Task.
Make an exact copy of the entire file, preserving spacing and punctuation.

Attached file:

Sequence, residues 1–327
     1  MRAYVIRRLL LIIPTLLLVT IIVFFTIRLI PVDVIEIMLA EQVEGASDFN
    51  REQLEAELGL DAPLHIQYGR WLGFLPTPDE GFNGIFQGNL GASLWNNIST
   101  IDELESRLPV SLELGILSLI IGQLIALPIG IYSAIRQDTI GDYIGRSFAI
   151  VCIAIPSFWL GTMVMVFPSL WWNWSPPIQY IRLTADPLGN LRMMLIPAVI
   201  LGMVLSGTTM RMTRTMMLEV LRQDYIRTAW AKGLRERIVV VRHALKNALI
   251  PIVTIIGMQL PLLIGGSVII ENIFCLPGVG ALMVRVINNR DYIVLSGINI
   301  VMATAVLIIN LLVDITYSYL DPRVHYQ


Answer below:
Sequence, residues 1–327
     1  MRAYVIRRLL LIIPTLLLVT IIVFFTIRLI PVDVIEIMLA EQVEGASDFN
    51  REQLEAELGL DAPLHIQYGR WLGFLPTPDE GFNGIFQGNL GASLWNNIST
   101  IDELESRLPV SLELGILSLI IGQLIALPIG IYSAIRQDTI GDYIGRSFAI
   151  VCIAIPSFWL GTMVMVFPSL WWNWSPPIQY IRLTADPLGN LRMMLIPAVI
   201  LGMVLSGTTM RMTRTMMLEV LRQDYIRTAW AKGLRERIVV VRHALKNALI
   251  PIVTIIGMQL PLLIGGSVII ENIFCLPGVG ALMVRVINNR DYIVLSGINI
   301  VMATAVLIIN LLVDITYSYL DPRVHYQ